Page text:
How to Protect Your Mental Health During Midterm Season

It seems as if me and my friends’ workloads this semester have been more demanding than usual, and midterm season has just made it even more intense. I never thought I’d miss the early quarantine days when my only responsibilities included trying out new coffee recipes and finishing Tiger King. Having schoolwork to keep me busy throughout the semester can help me feel more productive, but the constant studying during exam season can really take a toll on my mental health. Jumping from one exam to the next is pretty anxiety inducing, and it can be easy to feel like you never catch a break. 

I find myself only feeling productive if I’ve spent the entire day studying, and always seem to have a new exam, paper, or project due after I finish one. Something I’ve been trying to work on this semester is allowing myself to take breaks from constantly doing work and realizing that I will still have time to complete everything when I come back to it. It’s easy to feel like you’re not being as productive if you do this, but your exam performance will probably be higher if you make an effort to take care of your mental health. These tips are just some strategies I’ve developed to help keep my mid-semester anxiety and burnout in check. 

  1. 1. Take breaks 

    Girl studying surrounded by plants

    Spacing out your studying is great for both feeling less overwhelmed and learning the material. Cramming is never the right way to go, so taking a ten-minute break to relax will simultaneously be helping you consolidate the material and let you de-stress. You can make a coffee, facetime a friend, or watch some tik toks. The important thing to do is make sure you’re not staring at the same book for hours. This is also great if you’re stuck on one concept you just can’t seem to understand. Chances are, if you take a short break and come back to it, you’ll be looking at it with a fresh perspective and feel less stressed about it. 

  2. 2. Get Organized

    green and white grid notebook on desk with pencils, coffee, and plant

    Something that always helps me feel less stressed and anxious and more like I have my life in control is organizing my thoughts. I do this by writing everything down in a planner and making daily to-do lists, but this can look different for each person. Simply writing down a list of everything you need to get done and crossing off each item can help you feel more accomplished and prepared, and ultimately help reduce those feelings of exam anxiety. Another way to get organized is to set goals for what you want to have learned or accomplished by the end of the day. This can be a chapter in your book, one concept, or an outline for an essay.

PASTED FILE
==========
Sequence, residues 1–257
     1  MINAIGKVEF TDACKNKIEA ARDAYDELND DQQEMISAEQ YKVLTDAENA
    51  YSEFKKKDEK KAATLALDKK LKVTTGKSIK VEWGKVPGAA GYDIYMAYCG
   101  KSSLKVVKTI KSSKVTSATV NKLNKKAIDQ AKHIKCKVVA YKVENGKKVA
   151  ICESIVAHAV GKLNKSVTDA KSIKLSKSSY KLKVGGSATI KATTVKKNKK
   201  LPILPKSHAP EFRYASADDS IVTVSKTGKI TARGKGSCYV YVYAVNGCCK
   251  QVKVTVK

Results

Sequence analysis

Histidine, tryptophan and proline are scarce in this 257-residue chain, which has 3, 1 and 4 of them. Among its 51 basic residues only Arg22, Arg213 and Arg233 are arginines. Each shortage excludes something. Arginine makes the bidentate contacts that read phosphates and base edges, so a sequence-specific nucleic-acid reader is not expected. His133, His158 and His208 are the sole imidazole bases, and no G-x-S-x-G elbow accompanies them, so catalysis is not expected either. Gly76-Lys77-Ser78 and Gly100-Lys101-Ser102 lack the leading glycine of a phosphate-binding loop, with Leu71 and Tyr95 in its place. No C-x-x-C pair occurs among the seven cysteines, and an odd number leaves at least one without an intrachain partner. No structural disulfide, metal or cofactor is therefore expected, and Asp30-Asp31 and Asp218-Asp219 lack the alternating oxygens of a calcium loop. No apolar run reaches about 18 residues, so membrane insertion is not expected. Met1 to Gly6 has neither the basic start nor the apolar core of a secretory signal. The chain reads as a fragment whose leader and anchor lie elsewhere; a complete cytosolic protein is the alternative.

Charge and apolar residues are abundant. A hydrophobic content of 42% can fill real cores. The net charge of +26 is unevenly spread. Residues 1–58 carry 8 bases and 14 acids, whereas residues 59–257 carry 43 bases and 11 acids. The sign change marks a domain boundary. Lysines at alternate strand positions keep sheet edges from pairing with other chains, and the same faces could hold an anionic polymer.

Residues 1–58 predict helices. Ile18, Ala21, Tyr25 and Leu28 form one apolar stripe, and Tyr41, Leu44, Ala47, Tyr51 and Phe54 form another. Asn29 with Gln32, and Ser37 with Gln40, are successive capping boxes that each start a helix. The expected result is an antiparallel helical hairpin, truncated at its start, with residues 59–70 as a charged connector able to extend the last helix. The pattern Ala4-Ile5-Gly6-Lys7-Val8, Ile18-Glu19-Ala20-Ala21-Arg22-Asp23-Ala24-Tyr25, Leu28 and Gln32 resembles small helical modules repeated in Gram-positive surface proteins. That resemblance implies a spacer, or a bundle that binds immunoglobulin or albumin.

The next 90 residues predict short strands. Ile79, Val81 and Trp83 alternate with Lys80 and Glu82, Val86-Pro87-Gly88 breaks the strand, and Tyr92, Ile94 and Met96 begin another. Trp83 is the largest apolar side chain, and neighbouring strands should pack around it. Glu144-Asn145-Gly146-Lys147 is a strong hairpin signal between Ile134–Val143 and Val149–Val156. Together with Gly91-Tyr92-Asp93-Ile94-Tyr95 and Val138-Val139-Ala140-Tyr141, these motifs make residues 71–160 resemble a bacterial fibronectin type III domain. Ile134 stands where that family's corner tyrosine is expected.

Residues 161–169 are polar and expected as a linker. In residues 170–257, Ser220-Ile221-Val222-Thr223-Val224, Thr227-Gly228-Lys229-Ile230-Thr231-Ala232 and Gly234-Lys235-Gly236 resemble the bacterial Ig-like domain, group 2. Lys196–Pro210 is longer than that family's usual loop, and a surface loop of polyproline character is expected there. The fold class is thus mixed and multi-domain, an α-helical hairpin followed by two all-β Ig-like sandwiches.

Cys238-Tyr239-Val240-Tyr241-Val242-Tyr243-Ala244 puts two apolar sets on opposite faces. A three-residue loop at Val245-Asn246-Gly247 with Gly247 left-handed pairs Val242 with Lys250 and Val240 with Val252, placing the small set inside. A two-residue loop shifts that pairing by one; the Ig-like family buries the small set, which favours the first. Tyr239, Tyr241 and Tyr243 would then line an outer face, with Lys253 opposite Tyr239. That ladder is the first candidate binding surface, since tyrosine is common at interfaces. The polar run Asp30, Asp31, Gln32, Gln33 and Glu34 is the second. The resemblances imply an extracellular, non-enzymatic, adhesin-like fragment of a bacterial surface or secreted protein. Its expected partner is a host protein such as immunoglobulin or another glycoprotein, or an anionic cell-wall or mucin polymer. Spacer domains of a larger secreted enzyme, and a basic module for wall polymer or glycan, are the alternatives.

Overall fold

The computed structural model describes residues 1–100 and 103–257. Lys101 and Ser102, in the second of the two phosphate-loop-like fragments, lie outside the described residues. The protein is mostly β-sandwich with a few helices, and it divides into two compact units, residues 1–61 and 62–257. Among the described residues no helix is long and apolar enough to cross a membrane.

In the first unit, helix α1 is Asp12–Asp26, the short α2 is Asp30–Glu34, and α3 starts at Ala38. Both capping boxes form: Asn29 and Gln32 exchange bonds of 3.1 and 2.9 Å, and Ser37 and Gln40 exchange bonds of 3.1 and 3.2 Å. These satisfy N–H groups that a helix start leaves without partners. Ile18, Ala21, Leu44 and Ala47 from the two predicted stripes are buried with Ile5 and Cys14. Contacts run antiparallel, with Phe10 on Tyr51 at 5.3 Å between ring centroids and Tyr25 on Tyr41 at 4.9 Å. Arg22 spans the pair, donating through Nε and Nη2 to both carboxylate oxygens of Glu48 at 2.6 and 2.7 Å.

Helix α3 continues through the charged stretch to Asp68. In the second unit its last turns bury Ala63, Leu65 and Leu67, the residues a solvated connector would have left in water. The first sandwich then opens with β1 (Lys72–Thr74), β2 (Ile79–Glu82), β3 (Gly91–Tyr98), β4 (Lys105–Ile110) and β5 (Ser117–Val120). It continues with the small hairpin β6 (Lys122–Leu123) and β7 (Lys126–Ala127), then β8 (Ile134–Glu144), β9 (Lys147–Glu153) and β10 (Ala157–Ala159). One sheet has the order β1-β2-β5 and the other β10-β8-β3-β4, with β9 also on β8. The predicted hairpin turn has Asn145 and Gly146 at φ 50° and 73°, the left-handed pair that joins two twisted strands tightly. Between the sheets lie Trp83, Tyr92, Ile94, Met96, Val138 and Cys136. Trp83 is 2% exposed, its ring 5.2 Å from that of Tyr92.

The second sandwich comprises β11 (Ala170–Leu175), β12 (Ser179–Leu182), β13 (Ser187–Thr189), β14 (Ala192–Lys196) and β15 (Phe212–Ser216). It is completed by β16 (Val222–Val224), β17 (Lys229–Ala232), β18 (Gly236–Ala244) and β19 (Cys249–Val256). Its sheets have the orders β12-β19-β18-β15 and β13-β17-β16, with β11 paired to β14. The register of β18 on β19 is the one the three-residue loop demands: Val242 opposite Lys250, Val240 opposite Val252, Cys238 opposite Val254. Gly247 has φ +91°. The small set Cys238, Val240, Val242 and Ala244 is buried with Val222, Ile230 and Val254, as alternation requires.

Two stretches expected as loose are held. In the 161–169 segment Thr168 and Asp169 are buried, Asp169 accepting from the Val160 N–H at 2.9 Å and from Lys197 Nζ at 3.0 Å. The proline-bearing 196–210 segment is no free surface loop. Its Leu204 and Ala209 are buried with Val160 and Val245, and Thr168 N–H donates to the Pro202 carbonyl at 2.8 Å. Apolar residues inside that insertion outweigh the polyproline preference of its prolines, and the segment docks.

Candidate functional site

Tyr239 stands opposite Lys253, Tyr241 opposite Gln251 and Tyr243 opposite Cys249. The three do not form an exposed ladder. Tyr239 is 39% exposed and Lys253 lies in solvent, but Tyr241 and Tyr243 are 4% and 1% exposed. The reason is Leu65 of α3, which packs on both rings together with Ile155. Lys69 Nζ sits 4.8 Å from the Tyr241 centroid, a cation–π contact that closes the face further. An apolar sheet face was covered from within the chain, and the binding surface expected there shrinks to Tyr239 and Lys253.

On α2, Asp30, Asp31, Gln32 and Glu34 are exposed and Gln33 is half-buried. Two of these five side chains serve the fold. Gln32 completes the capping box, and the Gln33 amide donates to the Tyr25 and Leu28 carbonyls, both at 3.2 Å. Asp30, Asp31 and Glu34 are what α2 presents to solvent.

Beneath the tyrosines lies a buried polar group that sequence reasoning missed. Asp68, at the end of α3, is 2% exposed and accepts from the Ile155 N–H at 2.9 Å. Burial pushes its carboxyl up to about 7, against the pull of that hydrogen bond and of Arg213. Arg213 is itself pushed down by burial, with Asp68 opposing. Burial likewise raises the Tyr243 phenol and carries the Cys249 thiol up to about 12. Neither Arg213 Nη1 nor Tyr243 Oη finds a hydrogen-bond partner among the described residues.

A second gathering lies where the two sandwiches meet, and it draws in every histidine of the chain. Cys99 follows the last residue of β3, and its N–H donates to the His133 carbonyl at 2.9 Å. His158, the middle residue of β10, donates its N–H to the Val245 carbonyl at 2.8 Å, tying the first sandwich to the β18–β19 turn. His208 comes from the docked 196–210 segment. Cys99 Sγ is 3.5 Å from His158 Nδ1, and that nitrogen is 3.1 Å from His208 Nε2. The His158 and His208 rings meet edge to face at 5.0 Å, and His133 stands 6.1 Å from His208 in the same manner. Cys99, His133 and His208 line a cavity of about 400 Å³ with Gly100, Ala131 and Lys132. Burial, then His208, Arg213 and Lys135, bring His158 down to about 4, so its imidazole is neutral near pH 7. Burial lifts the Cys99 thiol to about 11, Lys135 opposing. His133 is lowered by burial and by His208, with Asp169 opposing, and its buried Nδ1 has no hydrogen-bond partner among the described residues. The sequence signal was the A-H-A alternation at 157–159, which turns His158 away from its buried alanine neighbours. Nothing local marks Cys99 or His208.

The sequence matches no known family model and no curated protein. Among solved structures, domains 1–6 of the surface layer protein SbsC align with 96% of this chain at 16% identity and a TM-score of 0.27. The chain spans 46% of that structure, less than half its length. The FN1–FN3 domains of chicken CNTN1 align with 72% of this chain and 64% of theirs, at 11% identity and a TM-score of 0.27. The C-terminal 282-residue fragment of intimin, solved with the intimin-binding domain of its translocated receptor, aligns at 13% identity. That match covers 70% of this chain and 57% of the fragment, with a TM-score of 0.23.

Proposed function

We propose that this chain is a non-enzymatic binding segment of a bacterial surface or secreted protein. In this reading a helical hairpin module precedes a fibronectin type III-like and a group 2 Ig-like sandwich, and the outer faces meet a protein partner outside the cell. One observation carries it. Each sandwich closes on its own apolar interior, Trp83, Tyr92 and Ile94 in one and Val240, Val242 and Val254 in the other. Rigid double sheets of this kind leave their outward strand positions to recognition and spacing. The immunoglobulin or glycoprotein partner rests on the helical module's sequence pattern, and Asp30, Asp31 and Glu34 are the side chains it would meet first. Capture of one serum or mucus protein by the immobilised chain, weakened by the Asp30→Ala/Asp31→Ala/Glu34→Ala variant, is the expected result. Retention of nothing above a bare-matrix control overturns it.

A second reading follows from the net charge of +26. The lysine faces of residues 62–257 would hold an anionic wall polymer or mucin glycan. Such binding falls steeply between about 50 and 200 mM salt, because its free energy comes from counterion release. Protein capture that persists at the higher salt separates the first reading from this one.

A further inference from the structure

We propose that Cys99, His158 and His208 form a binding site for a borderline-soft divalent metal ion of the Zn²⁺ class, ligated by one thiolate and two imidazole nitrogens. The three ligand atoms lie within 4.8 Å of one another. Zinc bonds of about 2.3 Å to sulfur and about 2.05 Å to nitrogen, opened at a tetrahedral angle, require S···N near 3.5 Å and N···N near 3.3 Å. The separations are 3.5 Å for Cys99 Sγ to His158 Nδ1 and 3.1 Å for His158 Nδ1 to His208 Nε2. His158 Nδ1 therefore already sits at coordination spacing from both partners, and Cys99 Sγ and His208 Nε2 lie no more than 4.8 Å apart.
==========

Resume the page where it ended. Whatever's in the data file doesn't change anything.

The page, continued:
3. 3. Be active 

    Being active is a great way to put your anxious energy towards something that still feels productive but isn’t the textbook you’ve been reading for the past five hours. I often go on a quick jog when I need a break and need to unwind, but you can also just go for a walk, do a quick ten-minute ab workout in your dorm room, or doing some yoga. All that matters is you give your mind a break and have some sort of outlet to relieve your stress.

  4. 4. Take some time to talk to someone 

    group of people reading and studying together at a table

    When I’m struggling during exam season, I always find that just taking the time to talk to a friend or my family is a great way to vent about all of my stress. I’ll call my mom and she’ll remind me to take a break, or I’ll grab lunch with a friend to catch up after a long morning of getting work done. It can be hard to make time to talk to friends and family when you’ve got a ton of work on your plate, but it can be a great way to both take a break and vent about the stress you’re under. A really important factor in looking out for your mental health is making sure you don’t stay in your own bubble of studying all day. 

  5. 5. Get a change of scenery 

    aisle between bookshelves in library

    Studying in your dorm or the same spot at the library every day can be really monotonous and kind of draining. Something I find really helpful is making myself find a new place to work. This can be just going to a different room in the library, studying outside, or finding a nearby coffee shop to go to. It may be hard to motivate yourself to leave that sacred study spot, but changing your surroundings can be a great way to change the headspace you’re in and maybe give yourself a new perspective on the material, too. Plus, cute coffee shops are just super fun to study in. 

It’s easy to feel overwhelmed in the midst of exam season, and it can seem like no matter how hard you try, you’re not getting enough work done. It’s important to remember that college isn’t all about pouring all of your energy into schoolwork! You’ve probably got at least a few more years of school left and will be much more productive in the long run if you take time for yourself. We’re also in the middle of a pandemic, making it that much more important to keep up with how you’re feeling and check in on your friends, too!